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Nuisance ordinance approved, added to town charter

by Geoff Fox

Town officials unanimously amended a portion of the Code of the Town of Hancock during last Wednesday’s town meeting with an ordinance regarding excessive use of police services. The ordinance takes effect 20 days after passage, which would be Tuesday, October 2.

The ordinance has been in the works for the last couple months after a landlord had approached officials in June voicing concerns about renters. Police Chief Rich Miller brought a rough draft of the ordinance was brought to officials the following month.

Mayor Ralph Salvagno said he wanted to make sure the costs of the nuisance “reflecting these are costs above and beyond what we would normally spend for any other call.”

He also wanted the public to know there is nothing in the ordinance that would discourage anyone from reporting domestic incidents.

Domestic violence or personal violence calls are not included in the ordinance, the mayor added.

Instead, the nuisances include disorderly conduct, drug abuse, drunk in public, “all that crap you do over and over again.”

“But if someone is in danger, they should never feel this is designed to prevent them from calling or discourage them from calling,” Salvagno said.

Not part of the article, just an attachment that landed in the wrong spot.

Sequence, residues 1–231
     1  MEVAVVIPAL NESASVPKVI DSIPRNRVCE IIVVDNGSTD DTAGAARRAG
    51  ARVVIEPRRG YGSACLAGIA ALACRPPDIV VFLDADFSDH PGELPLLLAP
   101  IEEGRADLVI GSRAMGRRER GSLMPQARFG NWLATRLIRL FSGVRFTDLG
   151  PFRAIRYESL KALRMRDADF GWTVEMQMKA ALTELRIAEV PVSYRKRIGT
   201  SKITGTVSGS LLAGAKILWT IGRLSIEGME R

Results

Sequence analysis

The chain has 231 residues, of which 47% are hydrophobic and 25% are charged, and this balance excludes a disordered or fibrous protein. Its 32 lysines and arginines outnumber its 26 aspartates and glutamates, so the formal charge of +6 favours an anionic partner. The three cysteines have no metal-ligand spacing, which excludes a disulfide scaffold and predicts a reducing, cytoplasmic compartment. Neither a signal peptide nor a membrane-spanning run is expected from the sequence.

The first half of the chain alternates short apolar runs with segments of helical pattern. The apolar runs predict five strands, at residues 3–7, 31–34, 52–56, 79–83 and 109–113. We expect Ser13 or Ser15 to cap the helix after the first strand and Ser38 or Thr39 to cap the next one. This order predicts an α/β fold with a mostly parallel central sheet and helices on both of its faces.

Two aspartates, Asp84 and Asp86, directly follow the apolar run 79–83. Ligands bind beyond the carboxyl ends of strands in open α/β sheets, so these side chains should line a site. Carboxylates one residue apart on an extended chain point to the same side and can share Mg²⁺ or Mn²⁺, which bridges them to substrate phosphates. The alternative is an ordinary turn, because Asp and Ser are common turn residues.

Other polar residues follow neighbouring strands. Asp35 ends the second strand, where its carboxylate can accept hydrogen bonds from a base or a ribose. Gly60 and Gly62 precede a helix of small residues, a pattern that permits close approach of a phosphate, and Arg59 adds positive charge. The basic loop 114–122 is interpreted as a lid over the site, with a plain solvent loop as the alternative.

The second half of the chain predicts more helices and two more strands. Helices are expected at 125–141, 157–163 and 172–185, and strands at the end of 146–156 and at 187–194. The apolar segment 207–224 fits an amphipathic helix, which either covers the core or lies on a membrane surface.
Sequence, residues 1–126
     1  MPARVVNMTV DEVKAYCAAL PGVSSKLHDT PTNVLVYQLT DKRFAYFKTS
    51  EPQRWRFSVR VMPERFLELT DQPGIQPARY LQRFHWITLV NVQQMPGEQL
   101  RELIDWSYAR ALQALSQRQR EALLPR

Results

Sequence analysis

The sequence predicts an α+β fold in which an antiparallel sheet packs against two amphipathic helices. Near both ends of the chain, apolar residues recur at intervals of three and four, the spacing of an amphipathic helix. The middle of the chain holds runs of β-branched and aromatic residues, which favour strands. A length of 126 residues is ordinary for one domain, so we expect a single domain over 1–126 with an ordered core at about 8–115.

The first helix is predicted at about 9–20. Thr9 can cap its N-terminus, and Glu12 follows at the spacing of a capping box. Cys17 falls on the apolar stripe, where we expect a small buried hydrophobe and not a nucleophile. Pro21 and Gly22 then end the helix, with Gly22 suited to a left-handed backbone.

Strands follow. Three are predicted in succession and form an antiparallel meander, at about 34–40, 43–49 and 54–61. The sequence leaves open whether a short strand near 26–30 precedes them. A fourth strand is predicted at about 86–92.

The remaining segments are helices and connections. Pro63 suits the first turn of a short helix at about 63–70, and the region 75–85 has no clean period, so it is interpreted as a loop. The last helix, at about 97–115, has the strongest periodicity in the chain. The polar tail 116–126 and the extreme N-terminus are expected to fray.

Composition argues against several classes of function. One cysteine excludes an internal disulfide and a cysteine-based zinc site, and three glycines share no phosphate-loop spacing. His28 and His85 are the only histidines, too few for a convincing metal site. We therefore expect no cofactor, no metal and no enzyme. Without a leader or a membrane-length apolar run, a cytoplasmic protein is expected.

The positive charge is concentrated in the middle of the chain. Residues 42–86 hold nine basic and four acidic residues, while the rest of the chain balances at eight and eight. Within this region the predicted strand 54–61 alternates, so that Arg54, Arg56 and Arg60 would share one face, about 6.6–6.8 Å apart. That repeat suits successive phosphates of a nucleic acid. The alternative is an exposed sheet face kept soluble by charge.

The ordinance also provides the landlord or property owner a chance to dispute the nuisance claim.

There is a scale of type of property and how many qualifying calls each is allowed over a 12-month period.

For example, a residential property has a minimum of three qualifying calls, or two if at one constitutes as a felony under Maryland law.

The number of qualifying calls goes up as the type of property changes, such as a multi-unit residential property, apartment complex, or hotel/motel.

Property owners of such nuisance locations would be fined $100 for the first qualifying call, $250 for the second, and $500 for the third or subsequent call.

The ordinance also allows for town officials to change the fees over time without needing to change the ordinance.

In his police report, Miller said there were 29 incidents of 911 hang-ups in August. The incidents were from one location because a phone had gotten stuck for two weeks and continued to dial 911.

Under the ordinance, he said that would not qualify as a nuisance.

 

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